Egypt criminalises photos and videos that are offensive to the country
Egypt: one of those truly exotic and enigmatic destinations, steeped in history. It’s on a lot of people’s bucket lists to visit, photographers and non-photographers alike. But of course, like many places, it’s complicated. Political upheaval and terrorism threats have made it less relaxing to visit in recent years. Coupled with that, strict politics have gone as far as to infringe on the freedom to take photos and videos freely in public spaces.
Several vloggers and influencers who visited Egypt in the past year were dismayed to have their camera equipment confiscated by authorities. So it’s good news then for most tourists and visitors that the Egyptian government has announced that it is relaxing its rules on casual street photography and photography in public spaces. As long as it’s strictly for amateur use, however.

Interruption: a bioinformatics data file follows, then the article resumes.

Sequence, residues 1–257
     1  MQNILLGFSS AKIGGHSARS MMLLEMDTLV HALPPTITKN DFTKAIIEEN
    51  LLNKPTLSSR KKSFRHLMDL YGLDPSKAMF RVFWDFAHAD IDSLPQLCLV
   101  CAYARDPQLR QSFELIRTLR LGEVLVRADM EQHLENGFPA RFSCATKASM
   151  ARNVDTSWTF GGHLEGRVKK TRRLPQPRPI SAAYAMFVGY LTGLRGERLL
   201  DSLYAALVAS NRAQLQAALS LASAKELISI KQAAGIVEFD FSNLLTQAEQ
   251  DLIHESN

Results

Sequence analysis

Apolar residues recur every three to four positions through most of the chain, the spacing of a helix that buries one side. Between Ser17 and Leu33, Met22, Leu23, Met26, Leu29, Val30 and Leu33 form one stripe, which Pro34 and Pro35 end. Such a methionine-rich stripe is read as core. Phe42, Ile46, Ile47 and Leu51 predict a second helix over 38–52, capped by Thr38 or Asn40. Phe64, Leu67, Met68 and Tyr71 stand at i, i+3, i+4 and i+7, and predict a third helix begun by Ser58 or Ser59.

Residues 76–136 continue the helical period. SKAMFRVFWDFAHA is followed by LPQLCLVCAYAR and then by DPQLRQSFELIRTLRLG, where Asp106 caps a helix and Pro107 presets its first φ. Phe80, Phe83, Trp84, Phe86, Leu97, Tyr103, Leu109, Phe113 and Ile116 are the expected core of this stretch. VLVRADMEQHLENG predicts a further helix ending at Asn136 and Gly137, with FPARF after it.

It seems like a step in the right direction, right? Well for most visitors, it will be. However, the authorities also passed a law which can potentially criminalise anyone who takes “offensive photos or videos of the country”. If that sounds quite vague and open to potential abuse you’d be correct there.
Regulated photography will be broken down into three types: personal photography, foreign media, and cinematography permits.
Foreign media must get a permit to film or shoot in the country, which will be given within 10 days of the application. The government says that a digital platform will be created in order to deal with the requests and permissions.
So what about that “offensive to the country” clause? Authorities have only gone as far as to say that photography of children is not permitted and citizens can only be photographed if they have given written consent. Presumably, Egypt is hoping to elevate their public image somewhat.
It does though seem to impinge upon freedom of the press somewhat. Photojournalism is often pivotal in highlighting injustices in the world. By restricting what you can photograph or film it is really just government censorship in another guise.
So ultimately, it’s good news for tourists. Just focus on the pyramids and sphinx, don’t look the other way.
[Via Middle East Eye]
Alex Baker is a portrait and lifestyle driven photographer based in Valencia, Spain. She works on a range of projects from commercial to fine art and has had work featured in publications such as The Daily Mail, Conde Nast Traveller and El Mundo, and has exhibited work across Europe